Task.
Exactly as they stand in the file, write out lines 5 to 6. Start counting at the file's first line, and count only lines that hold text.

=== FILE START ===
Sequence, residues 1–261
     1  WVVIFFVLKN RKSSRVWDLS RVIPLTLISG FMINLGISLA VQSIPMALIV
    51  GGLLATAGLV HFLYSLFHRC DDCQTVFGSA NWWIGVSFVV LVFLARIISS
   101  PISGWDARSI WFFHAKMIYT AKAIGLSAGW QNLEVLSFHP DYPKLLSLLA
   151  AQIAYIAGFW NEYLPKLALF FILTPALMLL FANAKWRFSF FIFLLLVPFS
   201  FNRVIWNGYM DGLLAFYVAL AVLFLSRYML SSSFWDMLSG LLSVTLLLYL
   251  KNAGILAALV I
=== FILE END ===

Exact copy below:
   151  AQIAYIAGFW NEYLPKLALF FILTPALMLL FANAKWRFSF FIFLLLVPFS
   201  FNRVIWNGYM DGLLAFYVAL AVLFLSRYML SSSFWDMLSG LLSVTLLLYL